Should You Be Applying to a College Town for Retirement?

Category: Best Retirement Towns and States

Note: This is Part 1 of our “College Town Retirement” series. Here is the link to College Town Retirements -Part 2 and Part 3, which include many more college towns to consider.
Part 4 reviews University Based Retirement Communities, and a new segment examines Lifelong Learning Opportunties, On and Off Campus (see end of article for links).

March 21, 2011 — A reporter recently asked for our opinion about college town retirements. Her questions concerned the pros and cons, reasons why, top towns, etc. After thinking about it for a while, we came to this overall conclusion: there are a lot of really good reasons to consider retiring in a college town, and few not to consider them. This article will help you try to assess if a college town retirement makes sense for you, as well as provide some recommendations and resources for finding the right college town for you.

Advantages
Return to the scene of your youth. Most people who went to college have very warm feelings about the town where they came of age. Particularly if….


they have kept up some contact over the years, there is a strong pull back.

– There are towns that have colleges and universities in them, and then there are college towns. By that we mean in some places the overall town is so large that the college presence is incidental. You could say that about New York City, except this is also true: if you go looking for the college town atmosphere you can usually find it. Just walk around Washington Square Park or near Columbia in the Big Apple and the college vibe is very much there. In our new BestplacesinUSA.com site we identify and have reviews of 234 college towns – there is an amazing number to choose from.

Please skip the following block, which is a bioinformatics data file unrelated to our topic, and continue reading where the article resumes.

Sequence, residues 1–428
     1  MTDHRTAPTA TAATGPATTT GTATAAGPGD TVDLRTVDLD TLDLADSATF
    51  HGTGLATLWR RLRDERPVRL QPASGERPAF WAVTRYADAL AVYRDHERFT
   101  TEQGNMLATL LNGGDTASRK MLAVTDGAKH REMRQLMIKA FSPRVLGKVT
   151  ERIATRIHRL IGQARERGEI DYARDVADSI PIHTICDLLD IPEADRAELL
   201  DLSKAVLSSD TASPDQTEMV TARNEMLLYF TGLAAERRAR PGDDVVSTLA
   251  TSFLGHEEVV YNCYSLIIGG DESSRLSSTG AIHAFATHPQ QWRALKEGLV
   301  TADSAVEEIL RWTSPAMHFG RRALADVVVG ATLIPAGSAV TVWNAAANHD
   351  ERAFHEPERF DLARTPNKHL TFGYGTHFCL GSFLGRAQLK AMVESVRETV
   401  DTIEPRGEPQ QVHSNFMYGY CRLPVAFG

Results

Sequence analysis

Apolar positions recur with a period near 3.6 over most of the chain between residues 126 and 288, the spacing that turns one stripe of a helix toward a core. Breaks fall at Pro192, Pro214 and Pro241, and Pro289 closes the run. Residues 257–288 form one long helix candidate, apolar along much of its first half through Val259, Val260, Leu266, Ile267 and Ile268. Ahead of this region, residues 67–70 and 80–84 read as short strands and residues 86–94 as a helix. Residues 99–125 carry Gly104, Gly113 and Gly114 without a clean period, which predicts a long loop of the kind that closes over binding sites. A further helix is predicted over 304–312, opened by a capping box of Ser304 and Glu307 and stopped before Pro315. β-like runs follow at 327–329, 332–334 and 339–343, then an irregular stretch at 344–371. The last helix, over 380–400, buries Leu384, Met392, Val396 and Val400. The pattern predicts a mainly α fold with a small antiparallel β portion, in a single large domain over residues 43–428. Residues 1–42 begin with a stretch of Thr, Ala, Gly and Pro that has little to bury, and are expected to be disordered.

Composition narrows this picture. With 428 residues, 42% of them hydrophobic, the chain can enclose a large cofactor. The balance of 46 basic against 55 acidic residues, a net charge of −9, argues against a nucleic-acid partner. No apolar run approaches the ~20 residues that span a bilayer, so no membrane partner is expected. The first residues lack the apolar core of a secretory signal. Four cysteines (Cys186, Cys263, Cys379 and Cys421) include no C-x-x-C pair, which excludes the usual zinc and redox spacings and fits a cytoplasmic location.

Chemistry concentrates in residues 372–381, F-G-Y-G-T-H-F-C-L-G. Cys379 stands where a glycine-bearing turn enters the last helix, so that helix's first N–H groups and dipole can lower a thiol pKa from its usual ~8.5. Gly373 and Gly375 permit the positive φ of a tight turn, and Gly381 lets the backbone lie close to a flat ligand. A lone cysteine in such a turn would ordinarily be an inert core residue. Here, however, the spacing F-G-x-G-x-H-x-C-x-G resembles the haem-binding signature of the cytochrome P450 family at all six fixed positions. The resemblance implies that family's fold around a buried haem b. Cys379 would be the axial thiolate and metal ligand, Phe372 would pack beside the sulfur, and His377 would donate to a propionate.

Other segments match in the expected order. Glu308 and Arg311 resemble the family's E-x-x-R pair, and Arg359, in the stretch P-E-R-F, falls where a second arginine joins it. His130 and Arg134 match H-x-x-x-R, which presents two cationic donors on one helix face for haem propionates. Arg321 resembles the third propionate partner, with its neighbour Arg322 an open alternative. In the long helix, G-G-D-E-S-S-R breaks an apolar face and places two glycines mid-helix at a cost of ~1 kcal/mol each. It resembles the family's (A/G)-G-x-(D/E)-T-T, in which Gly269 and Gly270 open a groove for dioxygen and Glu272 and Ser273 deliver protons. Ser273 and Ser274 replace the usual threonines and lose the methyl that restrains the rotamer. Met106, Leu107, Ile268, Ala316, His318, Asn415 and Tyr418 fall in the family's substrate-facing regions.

– Vibrant, youthful atmosphere. The atmosphere is the attraction for a lot of retirees, for whom the last place they want to be is one surrounded by old people discussing their ailments. College campuses usually spawn interesting restaurants, funky bookstores, cool bars and shops.
– Go back to school. Most colleges have caught on that retiring baby boomers are interested in keeping their minds sharp – as well as a steady source of tuition money. Many generally allow retirees to take or audit classes. In addition, many towns have institutions like the Osher Lifelong Learning Institute or some other form of lifetime learning institution – which sometimes even hold classes in the area’s 55+ communities.
– Facilities. College campuses are a lot more like country clubs than when we attended. Competition for new students has led to expansive fitness centers, countless tennis courts, art and music studios, performance theatres, and top-notch golf courses. As an alumni, or as a resident in an affiliated community, you might have access to some of these facilities. Certainly you can attend concerts, plays, and sporting events – all of which add excitement and variety that a lot of other towns can’t offer.
– Pretty places to live. College campuses and surrounding neighborhoods are usually beautiful places. So given the choice, why not pick a place that is pleasing! Another plus is that college towns are increasingly home to active adult communities, and that includes some that are university affiliated communities.

Disadvantages
Like we said before, finding reasons why you might not like to live in a college town requires some thinking.
– Traffic. Particularly in large schools with big-time sports teams, game days can turn into gridlock. Lots of daily commuters can have the same effect.
– Politics. Particularly if you are conservative in your politics, the liberal atmosphere of a college town might drive you mad. More than one college town has been dubbed the “People’s Republic of …”
Expense. This is good news and bad news. Going in the news is bad – college towns tend to have higher property values than their non-scholastic peers. When you sell that usually translates to good news.